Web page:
0-1 YEAR OLD

Be mind­ful of what you say to a new mum on ma­ter­nity leave.

Young Parents (Singapore) - - C NTENTS -

“I bet you’re glad you don’t have to go to work.”

Why not Some new mums are con­cerned that tak­ing ma­ter­nity leave could have an ad­verse ef­fect on their ca­reer, so the de­ci­sion to go on a full four-month break – or an even ex­tended pe­riod – could be very difcult.

Your com­ment sug­gests that stay­ing at home to look af­ter her baby has no neg­a­tive im­pli­ca­tions, and that it pro­vides a wel­come re­lief from the work­place. On the con­trary, she could have se­ri­ous doubts about the choice she made. What you could say “Tak­ing ma­ter­nity leave isn’t al­ways an easy de­ci­sion.” “Your baby is very well­be­haved, so that makes life much eas­ier for you.”

Why not Although some ba­bies are very set­tled by na­ture and are eas­ier to man­age, most are ex­tremely de­mand­ing, es­pe­cially in the early months. Any com­ment that sug­gests she has an easy life be­cause of her child’s co­op­er­a­tive be­hav­iour can im­ply that this hap­pens by chance.

The reality is that she has worked hard to set­tle her baby into a feeding and sleep­ing rou­tine. Your com­ment be­lit­tles her par­ent­ing achieve­ments. What you could say “All that ef­fort you put in to set­tle your baby is pay­ing off.” “Come on out with me and our friends tonight.”

Why not This com­ment clearly im­plies that she can freely choose when to go out and leave her baby in the care of some­one else.

Chances are, how­ever, that she doesn’t have that sort of ex­i­bil­ity, par­tic­u­larly at such short no­tice. She may not have easy ac­cess to babysit­ters. And when she is able to ar­range to have time for her­self, she

might pre­fer to re­lax at home, in­stead of hav­ing a night out with her pals. The de­mands of ma­ter­nity leave can be very re­stric­tive. What you could say “I’m go­ing out with some friends in two weeks. We’d love for you to join us, if that is pos­si­ble.” “I bet your cook­ing skills have vastly im­proved now that you are at home all day.”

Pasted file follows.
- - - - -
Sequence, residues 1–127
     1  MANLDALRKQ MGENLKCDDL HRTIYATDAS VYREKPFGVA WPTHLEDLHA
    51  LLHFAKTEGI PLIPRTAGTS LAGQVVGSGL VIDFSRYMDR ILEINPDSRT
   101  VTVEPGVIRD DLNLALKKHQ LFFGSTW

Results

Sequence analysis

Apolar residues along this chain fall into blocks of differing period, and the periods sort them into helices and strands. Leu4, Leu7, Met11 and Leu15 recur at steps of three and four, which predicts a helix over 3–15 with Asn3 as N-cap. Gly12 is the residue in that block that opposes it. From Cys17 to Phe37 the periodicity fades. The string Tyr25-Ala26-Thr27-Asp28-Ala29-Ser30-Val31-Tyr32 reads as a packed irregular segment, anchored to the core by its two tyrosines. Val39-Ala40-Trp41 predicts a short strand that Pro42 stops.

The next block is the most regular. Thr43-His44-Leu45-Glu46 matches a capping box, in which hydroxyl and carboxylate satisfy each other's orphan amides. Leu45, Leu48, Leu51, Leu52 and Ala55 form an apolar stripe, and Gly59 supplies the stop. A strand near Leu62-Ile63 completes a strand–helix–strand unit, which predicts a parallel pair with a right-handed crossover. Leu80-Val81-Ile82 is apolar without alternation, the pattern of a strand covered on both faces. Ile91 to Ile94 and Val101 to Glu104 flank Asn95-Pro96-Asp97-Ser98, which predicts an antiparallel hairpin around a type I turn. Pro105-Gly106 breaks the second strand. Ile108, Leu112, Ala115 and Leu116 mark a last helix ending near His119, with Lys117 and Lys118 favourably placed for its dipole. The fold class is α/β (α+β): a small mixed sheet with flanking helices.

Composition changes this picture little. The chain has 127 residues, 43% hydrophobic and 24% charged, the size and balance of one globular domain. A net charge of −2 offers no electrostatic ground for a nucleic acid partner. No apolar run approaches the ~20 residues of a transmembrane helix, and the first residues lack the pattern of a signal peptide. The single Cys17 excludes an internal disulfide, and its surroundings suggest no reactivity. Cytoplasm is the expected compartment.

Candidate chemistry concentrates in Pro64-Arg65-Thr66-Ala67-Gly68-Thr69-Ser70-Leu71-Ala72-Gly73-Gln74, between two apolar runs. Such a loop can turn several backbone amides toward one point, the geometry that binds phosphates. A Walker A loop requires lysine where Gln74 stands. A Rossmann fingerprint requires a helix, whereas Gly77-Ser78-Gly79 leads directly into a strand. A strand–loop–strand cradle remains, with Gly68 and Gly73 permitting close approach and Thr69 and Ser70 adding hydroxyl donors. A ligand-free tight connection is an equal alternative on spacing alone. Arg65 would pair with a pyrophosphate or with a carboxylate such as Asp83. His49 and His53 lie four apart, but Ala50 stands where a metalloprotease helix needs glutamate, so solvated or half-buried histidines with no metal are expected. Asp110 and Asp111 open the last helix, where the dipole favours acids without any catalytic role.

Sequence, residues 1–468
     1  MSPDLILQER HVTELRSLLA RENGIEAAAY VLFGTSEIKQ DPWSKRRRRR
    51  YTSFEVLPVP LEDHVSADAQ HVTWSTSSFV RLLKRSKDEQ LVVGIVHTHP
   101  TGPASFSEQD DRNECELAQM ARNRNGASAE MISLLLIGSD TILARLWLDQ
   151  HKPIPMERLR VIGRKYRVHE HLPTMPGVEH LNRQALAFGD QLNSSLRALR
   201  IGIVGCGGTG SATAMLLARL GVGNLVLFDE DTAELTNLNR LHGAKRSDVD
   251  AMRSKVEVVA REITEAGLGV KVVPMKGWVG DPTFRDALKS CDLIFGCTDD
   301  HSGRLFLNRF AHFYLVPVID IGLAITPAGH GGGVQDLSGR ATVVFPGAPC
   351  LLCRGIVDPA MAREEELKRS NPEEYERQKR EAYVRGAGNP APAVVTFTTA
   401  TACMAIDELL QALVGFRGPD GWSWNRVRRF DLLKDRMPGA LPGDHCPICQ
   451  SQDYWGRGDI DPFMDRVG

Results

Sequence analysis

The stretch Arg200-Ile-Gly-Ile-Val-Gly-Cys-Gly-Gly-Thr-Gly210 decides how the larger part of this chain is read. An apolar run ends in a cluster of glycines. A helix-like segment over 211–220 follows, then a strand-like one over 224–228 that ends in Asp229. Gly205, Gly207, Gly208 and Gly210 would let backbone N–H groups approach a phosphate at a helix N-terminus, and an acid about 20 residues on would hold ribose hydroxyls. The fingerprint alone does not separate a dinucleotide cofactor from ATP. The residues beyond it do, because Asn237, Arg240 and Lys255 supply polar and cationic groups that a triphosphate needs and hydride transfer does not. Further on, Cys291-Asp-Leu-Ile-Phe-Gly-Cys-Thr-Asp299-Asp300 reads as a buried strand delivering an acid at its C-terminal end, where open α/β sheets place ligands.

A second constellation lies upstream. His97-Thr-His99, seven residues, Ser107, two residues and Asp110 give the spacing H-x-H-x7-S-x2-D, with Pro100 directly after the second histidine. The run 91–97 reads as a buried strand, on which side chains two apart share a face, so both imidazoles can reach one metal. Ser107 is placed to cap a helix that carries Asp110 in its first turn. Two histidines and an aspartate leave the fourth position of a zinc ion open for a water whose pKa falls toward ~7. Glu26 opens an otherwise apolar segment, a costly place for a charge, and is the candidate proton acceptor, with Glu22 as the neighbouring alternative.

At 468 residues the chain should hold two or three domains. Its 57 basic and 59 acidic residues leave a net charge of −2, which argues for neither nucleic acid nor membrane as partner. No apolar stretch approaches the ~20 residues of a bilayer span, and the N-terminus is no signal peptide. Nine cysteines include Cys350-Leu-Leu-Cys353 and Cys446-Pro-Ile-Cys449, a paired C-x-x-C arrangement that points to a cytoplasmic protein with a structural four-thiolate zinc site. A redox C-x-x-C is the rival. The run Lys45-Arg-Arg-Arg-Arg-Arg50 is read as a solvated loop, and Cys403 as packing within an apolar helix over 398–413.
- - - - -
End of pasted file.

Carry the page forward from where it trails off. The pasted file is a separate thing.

Why not The pri­or­ity of ma­ter­nity leave is for the new mum to pro­vide lov­ing care for her young one, not for her to brush up on her cook­ing skills.

Of course, she feeds her baby, and once he is weaned onto solids, she’ll start to make him proper meals in­stead of only pro­vid­ing milk for him. But pre­par­ing elab­o­rate meals is not top of her agenda.

Car­ing for her child is time-con­sum­ing. Your com­ment sug­gests she has noth­ing bet­ter to do than to watch cook­ing videos. What you could say “I hope your hus­band helps out with cook­ing be­cause you have so much else to do.” “I bet you love talk­ing about baby stuff all day.”

Why not Car­ing for a new baby dur­ing ma­ter­nity leave in­volves a steep learn­ing curve, with so much new in­for­ma­tion to ab­sorb and de­ci­sions to make. That re­quires the mum to think al­most con­stantly about all as­pects of baby care.

But that doesn’t mean she has lost in­ter­est in every­thing else – you can be sure there will be times when she is ab­so­lutely fed up hav­ing to chat about soiled di­a­pers, baby sham­poo, breast­feed­ing, and how to soothe a cry­ing baby. What you could say “You prob­a­bly want to talk about some­thing other than your baby.”

If her baby is well­be­haved, she has worked hard to set­tle her lit­tle one into a feeding and sleep­ing rou­tine. Don’t be­lit­tle her achieve­ments.

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